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Governor Scott: About your blind trust

By Dian Vujovich

We should all be so financially fortunate as Governor Rick Scott—- his net worth grew by over 50 percent last year. That’s remarkable given that the S&P 500 was up only 30 percent.

Earlier this week The Palm Beach Post reported that Governor Scott’s net worth grew from $83.8 million to $132.7 million last year. Of that, $100 million was in a blind trust.

Before talking blind trusts, and trying to figure out how Scott’s fortunes grew so impressively, here’s a look back at how the markets performed last year and the kinds of returns most of the rest of us saw.

If we were really lucky, one of the more rewarding countries on the globe to invest in was Dubai. Its market finished the year with a gain of almost 108 percent. Behind it was Japan. The market there gained nearly 57 percent.

Here at home, the three companies with the biggest gains in 2013 were Netflix, up almost 300 percent. (297 percent), Micron Technology, up 243 percent and Best Buy, up 237 percent.

Had Scott’s trustee stuck to index-based investments, however, returns were impressive but puny based upon the hefty growth of assets for the governor’s blind trust.

According to USA TODAY, the S&P 500 gained 29.6 percent in 2013, its best performance since 1997; the DJIA rose 26.5 percent, the best return it has had since 1995; the NASDAQ Composite was up more than 38 percent, its biggest gain since 2009; and the small-cap Russell 2000 skyrocketed 37%, its best annual return since 2003.

Then again, maybe commodities played a part. Aluminum was last year’s best bet there, up over 26 percent.

Or maybe it was a hedge fund investment. Barron’s top ranked hedge fund last year was the Glenview Offshore Opportunity fund—up a whopping 101.74 percent in 2013. Yes, maybe it was that fund that got a piece of Scott’s blind trust dollars given that health-related ties have been said to help create his wealth.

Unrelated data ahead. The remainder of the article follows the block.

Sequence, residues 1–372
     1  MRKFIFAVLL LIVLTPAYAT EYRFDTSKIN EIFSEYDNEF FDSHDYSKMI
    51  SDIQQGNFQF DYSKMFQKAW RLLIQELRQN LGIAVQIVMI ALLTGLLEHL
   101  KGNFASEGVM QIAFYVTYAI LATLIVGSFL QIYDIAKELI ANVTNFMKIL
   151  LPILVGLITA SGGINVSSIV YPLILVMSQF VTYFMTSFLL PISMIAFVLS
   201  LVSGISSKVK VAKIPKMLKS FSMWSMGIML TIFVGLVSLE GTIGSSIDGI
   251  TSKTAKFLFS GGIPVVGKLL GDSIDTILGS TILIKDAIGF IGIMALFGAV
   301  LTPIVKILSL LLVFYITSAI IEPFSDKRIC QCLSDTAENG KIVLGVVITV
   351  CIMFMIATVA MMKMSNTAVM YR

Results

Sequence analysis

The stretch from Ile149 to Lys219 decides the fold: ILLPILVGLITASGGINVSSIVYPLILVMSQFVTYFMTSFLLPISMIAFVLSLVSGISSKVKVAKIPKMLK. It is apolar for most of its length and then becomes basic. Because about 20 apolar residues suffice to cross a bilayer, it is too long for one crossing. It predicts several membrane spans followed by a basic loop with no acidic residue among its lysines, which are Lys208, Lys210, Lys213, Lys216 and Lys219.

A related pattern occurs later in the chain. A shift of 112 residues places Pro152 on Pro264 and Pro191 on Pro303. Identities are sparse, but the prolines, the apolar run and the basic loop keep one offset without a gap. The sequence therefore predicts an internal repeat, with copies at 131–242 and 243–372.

Barron’s reported that one-third of Glenview’s portfolio managed by Larry Robbins, was invested in hospital, managed-care, life science and pharmaceutical stocks. And we all know that Scott does have a ’s hospital-related history.

But speculation aside, Scott is not likely to say how his blind trust money is invested for two reasons. The first, he’s not a big talker. If you remember, when questioned in a deposition about his role as CEO of Columbia/HCA, he pleaded the Fifth Amendment 75 times. Of course that didn’t help much given that in the end, and under his tutelage, his company still holds the honor of being responsible for the largest Medicare fraud in history.

The second reason we’re not likely to know exactly how that growth was accomplished is because in a blind trust, a third-party fiduciary has complete control over how and where the assets in the trust are invested. So the trust’s beneficiaries are blind to what’s happening.

That means Scott doesn’t select, approve or have a say in how/where the monies are invested. His advisor or the fund’s trustee does it all. (FYI, Scott’s use of a blind trust is being challenged.) The reason elected officials like blind trusts is because having them avoids conflict of interest accusations.

Even so, that doesn’t stop anyone from wondering how his blind trust returns were made. And how they might get a piece of that action.

To read more articles, please visit the column archive.

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